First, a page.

Though I think fitness is a great life calling, and I do believe in helping others, I could only handle a certain number of clients and the more clients I took on, the less I felt like I was actually helping them. I still train a small number of people to this day, but I do this as a hobby for select clients whom I believe I can truly help.
Back to the story: I decided to start to pull back from my fitness business and begin working on something to help veterans.
I had some connections with a fellow marine corps veteran who owned a tee shirt printing company up in Santa Barbara, and we set up a deal where he would print, store, and fulfill orders for me. I quickly set up my web site and before I knew it I was in business.
In those first few weeks, I constantly logged in to check my sales, but nothing was happening. The weeks dragged on into months and then, in my first year in business, we sold a heart breaking $800 worth of merchandise.
I would like to say that I did everything I could to fix where I’d gone wrong, but I didn’t. Every time I began to put work into Warrior Soul, I would sink back into a hole. I knew how to market my services as a trainer through word of mouth, but I knew nothing about how to break into a new market.
Then there was the voice inside of my head. The evil voice of resistance. It said, “why are you working on this? It’s not making you any money. Stop doing this and get more fitness clients. Let’s post an ab shot on Instagram . . . ”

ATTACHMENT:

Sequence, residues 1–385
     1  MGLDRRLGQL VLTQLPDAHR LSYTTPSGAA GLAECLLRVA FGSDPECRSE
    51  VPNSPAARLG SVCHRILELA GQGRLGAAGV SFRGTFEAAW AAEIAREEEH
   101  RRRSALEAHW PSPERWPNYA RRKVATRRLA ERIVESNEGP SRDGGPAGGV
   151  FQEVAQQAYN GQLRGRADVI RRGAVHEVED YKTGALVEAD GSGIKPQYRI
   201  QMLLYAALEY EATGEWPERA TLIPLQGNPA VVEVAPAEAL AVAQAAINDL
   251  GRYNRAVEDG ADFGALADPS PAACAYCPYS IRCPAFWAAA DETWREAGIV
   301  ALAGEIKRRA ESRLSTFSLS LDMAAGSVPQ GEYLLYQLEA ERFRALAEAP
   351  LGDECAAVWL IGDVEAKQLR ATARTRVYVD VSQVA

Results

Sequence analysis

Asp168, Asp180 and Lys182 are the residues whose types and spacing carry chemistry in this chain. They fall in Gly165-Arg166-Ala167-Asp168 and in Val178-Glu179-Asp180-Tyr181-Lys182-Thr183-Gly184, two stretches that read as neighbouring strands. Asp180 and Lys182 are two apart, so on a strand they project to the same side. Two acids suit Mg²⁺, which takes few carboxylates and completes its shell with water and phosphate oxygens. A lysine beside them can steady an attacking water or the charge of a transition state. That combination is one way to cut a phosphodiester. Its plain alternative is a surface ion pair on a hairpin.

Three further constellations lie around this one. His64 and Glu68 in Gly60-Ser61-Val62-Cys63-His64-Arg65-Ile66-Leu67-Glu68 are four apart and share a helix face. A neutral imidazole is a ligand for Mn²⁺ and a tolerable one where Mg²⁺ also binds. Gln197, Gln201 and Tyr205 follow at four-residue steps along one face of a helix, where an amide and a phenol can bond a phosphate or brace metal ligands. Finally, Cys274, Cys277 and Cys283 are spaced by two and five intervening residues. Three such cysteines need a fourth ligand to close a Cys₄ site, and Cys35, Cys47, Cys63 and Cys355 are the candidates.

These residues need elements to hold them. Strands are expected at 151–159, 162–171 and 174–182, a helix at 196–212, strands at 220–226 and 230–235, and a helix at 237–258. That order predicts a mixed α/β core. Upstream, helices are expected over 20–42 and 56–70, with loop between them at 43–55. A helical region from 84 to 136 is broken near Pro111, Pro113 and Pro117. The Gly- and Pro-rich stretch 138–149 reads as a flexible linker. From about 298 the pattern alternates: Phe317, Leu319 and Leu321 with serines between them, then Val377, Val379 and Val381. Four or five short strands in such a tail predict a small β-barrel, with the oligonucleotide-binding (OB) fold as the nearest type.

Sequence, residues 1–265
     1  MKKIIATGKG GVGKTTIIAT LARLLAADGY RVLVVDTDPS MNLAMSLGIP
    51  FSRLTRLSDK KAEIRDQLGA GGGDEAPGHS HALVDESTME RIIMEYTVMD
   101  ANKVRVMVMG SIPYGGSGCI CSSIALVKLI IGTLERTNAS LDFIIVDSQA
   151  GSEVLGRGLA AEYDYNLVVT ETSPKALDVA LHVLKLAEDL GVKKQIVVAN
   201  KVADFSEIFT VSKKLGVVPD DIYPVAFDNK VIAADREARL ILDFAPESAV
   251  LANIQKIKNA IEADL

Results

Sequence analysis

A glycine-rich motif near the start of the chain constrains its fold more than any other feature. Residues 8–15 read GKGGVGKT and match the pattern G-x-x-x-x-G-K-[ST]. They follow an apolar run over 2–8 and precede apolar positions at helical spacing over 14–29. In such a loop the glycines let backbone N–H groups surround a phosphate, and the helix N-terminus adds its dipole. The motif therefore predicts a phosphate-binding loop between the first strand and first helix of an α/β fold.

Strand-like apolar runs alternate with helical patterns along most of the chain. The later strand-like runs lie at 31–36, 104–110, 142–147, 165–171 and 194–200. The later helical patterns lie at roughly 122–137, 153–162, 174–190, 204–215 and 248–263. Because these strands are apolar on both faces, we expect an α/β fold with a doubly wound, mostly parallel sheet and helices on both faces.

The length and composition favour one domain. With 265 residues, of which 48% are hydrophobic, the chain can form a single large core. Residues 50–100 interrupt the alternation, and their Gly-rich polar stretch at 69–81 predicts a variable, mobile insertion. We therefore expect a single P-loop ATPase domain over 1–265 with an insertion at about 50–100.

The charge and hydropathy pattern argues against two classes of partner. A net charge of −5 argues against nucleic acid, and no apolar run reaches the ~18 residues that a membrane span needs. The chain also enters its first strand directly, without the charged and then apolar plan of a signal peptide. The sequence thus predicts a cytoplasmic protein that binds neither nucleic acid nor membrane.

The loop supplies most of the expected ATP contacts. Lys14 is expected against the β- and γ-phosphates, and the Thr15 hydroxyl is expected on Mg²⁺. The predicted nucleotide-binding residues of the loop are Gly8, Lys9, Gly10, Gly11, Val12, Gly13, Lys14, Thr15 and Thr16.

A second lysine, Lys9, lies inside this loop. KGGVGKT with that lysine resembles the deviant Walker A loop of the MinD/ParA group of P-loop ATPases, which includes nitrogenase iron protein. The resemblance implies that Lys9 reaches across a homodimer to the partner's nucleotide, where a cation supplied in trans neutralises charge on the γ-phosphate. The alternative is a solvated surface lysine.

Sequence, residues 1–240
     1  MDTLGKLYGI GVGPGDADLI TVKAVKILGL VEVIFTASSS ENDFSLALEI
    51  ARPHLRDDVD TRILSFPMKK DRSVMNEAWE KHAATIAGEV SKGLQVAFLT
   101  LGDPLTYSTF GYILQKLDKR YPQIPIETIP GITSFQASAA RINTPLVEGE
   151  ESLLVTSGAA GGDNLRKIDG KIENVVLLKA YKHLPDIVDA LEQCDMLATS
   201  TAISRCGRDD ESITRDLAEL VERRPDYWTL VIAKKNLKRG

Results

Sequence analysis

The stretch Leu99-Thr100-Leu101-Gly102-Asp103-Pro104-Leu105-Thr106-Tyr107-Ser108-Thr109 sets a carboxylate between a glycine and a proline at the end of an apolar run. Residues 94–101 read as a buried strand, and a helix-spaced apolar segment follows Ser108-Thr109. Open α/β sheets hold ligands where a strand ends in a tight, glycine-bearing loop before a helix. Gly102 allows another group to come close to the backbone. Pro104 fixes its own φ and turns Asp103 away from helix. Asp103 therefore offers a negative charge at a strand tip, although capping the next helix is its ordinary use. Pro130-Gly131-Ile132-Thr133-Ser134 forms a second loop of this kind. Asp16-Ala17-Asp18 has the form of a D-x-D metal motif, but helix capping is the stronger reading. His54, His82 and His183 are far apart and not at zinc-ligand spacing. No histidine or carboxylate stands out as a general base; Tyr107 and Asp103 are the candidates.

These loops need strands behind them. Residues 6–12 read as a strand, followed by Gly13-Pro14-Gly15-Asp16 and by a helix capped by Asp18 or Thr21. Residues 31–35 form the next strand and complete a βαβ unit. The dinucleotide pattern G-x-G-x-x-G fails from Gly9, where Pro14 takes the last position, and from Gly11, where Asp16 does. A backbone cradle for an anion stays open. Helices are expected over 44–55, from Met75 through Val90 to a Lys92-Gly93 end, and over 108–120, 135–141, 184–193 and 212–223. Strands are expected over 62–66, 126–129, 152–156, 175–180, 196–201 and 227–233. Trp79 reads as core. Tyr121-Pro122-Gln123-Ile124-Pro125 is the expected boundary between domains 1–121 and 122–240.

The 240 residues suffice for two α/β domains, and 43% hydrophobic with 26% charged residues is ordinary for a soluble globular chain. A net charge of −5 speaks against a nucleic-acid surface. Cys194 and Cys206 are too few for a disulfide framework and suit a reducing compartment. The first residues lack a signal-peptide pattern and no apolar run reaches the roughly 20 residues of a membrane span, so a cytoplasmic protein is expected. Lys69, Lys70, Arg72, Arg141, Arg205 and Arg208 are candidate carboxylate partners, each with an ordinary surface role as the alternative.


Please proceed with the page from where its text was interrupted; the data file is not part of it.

My activity level on Warrior Soul declined rapidly, my fitness client list grew, and before I knew it I was spending less than an hour a day working on my dream and I was back to being a full time online trainer.
Rediscovering London Real
Ok, let’s rewind this story a bit . . .
One day, around three years ago just after I’d moved out of my Ford, I was doing research on mobility exercises I could give my clients, and I came across London Real. Though the show was centered in London, the host, Brian Rose, was an American who looked to me like he was one of those guys who walked around in Affliction shirts all the time (I’m one of these guys, so I totally related). This episode was an interview with Kelly Starrett, author of Becoming the Supple Leopard and creator of the Mobility Wod. The interview was really interesting, so I looked through some of his other videos and found an amazing interview with Dorian Yates, one of the greatest bodybuilders of all time.
At the time, this was momentary entertainment that was helping me procrastinate, and I didn’t watch another London Real episode for many months, but little did I know that the show I was watching would change my life one day.